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Remote hearings in the family justice system: follow-up consultation report

The Nuffield Family Justice Observatory (NFJO) has published a follow-up consultation report entitled Remote hearings in the family justice system: reflections and experiences.

Following the outbreak of the COVID-19 pandemic, and the introduction of social distancing measures, the family courts in England and Wales rapidly adapted to using telephone and video hearings. In light of this significant change, the President of the Family Division asked the NFJO to undertake a rapid consultation on the use of remote hearings in the family court. The consultation ran for a two-week period in April 2020 and more than 1,000 people responded.

The current report provides an overview of the findings of a follow up consultation process undertaken between 10 and 30 September 2020. 1,306 respondents completed a survey, several organisations submitted additional information, and focus groups and interviews were undertaken with parents.

The President of the Family Division, Sir Andrew McFarlane said in response to the report:

"This emergency is without precedent. Judges and others have worked tirelessly, and continue to do so, so that the Family Court has continued to function without a break since the start of 'lockdown' in March. We have adjusted, developed and adapted our methods of working as the crisis has persisted.  Much of the work of the Family Court cannot be left to wait as many cases, involving the welfare of children as well as adults, are urgent. Because of the need for social distancing most cases are currently heard remotely (either wholly or in part). The report highlights that everyone is doing their best in the circumstances.

"This important piece of independent research, which holds a mirror up to the system, is a most valuable reflection after six months of remote working. Encouragingly, most professionals, including judges, barristers, solicitors, Cafcass workers, court staff and social workers, felt that, overall, the courts were now working more effectively and that there were even some benefits for all to working remotely.

"However, the report highlights a number of areas of concern that need to be addressed.  There are clearly circumstances where more support is required to enable parents and young people to take part in remote hearings effectively.  It is worrying that some parents report that they have not fully understood, or felt a part of, the remote court process.  Whilst technology is improving, there is clearly still work to be done to improve the provision of Family Justice via remote means. I am very alert to the concerns raised in this report, and I will be working with the judiciary and the professions to develop solutions."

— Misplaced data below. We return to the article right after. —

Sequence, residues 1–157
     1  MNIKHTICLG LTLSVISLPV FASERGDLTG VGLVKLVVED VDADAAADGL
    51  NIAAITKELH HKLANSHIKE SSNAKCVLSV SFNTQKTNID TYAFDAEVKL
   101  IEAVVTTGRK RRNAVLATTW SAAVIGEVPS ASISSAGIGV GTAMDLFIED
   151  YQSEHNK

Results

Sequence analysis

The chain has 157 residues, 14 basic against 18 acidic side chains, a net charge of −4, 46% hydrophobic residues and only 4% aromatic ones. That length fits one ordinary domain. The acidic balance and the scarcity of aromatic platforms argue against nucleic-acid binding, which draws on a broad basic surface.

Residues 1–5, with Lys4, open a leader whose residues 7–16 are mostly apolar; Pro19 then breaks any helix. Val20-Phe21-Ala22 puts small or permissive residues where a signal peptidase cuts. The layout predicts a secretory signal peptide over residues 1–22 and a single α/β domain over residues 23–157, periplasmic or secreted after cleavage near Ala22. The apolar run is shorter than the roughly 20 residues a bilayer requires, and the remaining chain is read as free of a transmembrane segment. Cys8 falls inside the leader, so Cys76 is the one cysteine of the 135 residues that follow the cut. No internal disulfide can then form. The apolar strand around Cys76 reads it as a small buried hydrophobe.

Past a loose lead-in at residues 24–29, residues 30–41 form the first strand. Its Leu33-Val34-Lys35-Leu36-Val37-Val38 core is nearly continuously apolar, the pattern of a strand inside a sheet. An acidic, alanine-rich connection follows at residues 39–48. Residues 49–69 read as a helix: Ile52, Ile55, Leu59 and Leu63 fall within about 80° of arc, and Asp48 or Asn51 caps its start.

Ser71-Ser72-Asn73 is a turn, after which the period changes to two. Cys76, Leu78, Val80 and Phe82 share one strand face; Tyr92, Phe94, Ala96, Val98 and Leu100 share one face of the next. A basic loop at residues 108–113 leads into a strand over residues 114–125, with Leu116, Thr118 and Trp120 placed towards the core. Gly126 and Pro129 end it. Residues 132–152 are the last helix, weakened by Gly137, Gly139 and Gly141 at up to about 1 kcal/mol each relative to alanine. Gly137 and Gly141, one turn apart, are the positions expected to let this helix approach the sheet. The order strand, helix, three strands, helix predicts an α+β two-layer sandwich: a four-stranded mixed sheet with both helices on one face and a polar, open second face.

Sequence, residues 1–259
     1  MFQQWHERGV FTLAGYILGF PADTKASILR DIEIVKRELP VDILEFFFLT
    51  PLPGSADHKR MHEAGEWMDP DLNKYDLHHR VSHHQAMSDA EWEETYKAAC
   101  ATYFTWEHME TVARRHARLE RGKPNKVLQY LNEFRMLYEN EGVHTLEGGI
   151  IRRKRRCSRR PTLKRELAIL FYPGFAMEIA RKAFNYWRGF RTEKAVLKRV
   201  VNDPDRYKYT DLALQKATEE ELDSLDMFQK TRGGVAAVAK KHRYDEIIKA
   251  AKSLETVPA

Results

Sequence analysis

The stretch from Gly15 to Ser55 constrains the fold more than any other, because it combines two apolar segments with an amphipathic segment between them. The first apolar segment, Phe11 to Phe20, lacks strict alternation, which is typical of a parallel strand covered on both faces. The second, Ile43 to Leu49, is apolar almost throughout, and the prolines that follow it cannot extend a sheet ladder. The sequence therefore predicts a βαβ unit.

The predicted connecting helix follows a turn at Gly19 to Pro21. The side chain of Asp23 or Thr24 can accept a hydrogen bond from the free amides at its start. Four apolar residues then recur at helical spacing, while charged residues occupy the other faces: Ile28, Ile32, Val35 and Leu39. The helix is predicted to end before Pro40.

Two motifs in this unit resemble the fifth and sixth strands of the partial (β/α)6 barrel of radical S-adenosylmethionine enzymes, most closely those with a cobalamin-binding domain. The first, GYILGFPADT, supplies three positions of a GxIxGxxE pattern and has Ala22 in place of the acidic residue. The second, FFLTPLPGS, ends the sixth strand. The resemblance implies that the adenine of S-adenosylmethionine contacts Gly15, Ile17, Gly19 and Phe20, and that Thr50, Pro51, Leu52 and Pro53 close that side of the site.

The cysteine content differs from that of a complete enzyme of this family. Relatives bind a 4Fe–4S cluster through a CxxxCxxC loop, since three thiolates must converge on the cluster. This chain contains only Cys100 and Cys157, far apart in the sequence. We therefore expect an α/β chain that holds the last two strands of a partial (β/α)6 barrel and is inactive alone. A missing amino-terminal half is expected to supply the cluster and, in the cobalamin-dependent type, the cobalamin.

Most professionals who responded to the survey felt that fairness and justice had been achieved in the cases they were involved with most or all of the time. However, professionals also have concerns about whether proceedings are perceived as fair by parties in all cases. Professionals also shared concerns about the difficulties of being sufficiently empathetic, supportive, and attuned to lay parties when conducting hearings remotely.

Common problems highlighted include: parents taking part in hearings remotely alone, and from their homes; a lack of communication between lay parties and their legal representatives before hearings; and difficulties with communication during hearings because of the need to use more than one device or to adjourn the hearing. Particular difficulties are experienced by parents who require an interpreter or who have a disability. There has also been widespread concern for litigants in person in private law matters.

Respondents have also expressed concern about the impact on the authority of the court. 

There continue to be many technical problems encountered in most forms of remote hearing. Most problems relate to connectivity and common issues identified included difficulty in hearing people, difficulty seeing people, and difficulty identifying who is speaking.

There are wide variations in practice in terms of how hearings are organised. Some are working well. Where problems occur, they include a lack of advance notice, sudden cancellations, and a lack of clarity about which format will be used for the hearing.

For the report, click here.